Spoken word poets jam in full house

David Yochum

Ace Boogie, spoken word poet, performs at Oscar Ritchie Hall last night. The event was presented by Delta Sigma Theta and Harambee. LESLIE CUSANO | DAILY KENT STATER

Credit: John Proppe

Every set of eyes was trained on a figure barely 5 feet tall – a music stand had to be moved for the audience to see her face.

Speaking through a red folder and microphone, psychology major Kaisha Sherrills molded sex, respect and admiration into captivating spoken word.

And she was just one ace Harambee and the Delta Sigma Theta sorority had up their sleeves last night.

Ace Boogie, spoken word poet and Akron hip-hop artist, “shined like the star of Bethlehem,” performing for a packed house in the African Community Theater. As the “keynote speaker to your emotions,” Boogie, a former Kent State student, read slam poetry and sang over beats from DJ Drama – even calling students to sit on stage and share in hip-hop culture.

The last of several poetry readers to speak, Boogie first hit the mic about “gettin’ the mind right” and discussed “real” musicians such as Mos Def, Common and the Roots. He then slammed words about respecting women and growing up without a father.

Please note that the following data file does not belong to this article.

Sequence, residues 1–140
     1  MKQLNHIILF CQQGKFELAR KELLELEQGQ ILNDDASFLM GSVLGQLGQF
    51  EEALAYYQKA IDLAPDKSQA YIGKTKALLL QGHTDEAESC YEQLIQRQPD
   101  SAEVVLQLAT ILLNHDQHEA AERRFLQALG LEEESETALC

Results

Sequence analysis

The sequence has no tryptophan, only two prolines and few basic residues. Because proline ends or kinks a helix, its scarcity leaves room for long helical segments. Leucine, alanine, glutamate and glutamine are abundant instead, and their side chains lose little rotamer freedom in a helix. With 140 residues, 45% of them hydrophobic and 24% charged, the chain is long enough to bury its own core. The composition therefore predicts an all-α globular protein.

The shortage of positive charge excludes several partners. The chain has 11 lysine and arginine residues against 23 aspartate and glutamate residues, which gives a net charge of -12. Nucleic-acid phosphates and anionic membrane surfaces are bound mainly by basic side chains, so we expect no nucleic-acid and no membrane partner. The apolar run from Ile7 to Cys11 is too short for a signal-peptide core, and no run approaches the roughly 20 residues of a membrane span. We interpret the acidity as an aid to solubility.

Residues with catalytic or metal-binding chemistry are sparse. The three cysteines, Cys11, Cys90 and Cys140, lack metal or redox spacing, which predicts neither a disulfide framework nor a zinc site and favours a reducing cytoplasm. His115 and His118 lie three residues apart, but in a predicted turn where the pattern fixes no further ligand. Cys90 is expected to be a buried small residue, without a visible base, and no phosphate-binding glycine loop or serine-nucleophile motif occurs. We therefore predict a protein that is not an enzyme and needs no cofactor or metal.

“I gave my mother a card on father’s day – for real,” he said.

Boogie finally lit up the room with music, taking advantage of a guitarist and smooth background vocalist reminiscent of R&B singer Houston.

Shanelle Smith, president of the KSU-NAACP, viewed Boogie’s performance as encouraging.

“It made me want to hone my (poetry) craft on the open mic for next time,” she said.

Preston Mitchum, first vice-president of the KSU-NAACP, echoed Smith’s view.

“Ace was awesome – he understands hip-hop.”

Contact minority affairs reporter David Yochum at [email protected].